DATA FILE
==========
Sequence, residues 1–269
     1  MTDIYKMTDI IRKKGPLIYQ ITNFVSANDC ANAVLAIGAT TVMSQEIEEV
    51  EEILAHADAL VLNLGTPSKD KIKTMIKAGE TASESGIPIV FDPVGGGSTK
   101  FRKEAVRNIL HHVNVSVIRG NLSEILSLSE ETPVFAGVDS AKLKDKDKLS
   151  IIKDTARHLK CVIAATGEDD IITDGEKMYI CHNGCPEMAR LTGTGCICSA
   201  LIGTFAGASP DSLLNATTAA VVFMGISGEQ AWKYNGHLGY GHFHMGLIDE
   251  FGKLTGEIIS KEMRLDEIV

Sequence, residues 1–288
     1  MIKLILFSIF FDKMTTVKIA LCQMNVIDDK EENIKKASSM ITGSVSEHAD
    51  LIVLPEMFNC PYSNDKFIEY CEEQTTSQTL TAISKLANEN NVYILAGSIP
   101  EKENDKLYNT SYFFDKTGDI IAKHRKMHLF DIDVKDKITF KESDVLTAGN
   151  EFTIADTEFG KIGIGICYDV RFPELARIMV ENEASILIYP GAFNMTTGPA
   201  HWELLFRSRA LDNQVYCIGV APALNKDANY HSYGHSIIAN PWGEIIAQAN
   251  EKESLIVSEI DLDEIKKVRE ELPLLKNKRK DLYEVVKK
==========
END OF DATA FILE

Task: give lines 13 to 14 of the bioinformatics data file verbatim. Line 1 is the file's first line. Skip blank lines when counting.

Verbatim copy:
   201  HWELLFRSRA LDNQVYCIGV APALNKDANY HSYGHSIIAN PWGEIIAQAN
   251  EKESLIVSEI DLDEIKKVRE ELPLLKNKRK DLYEVVKK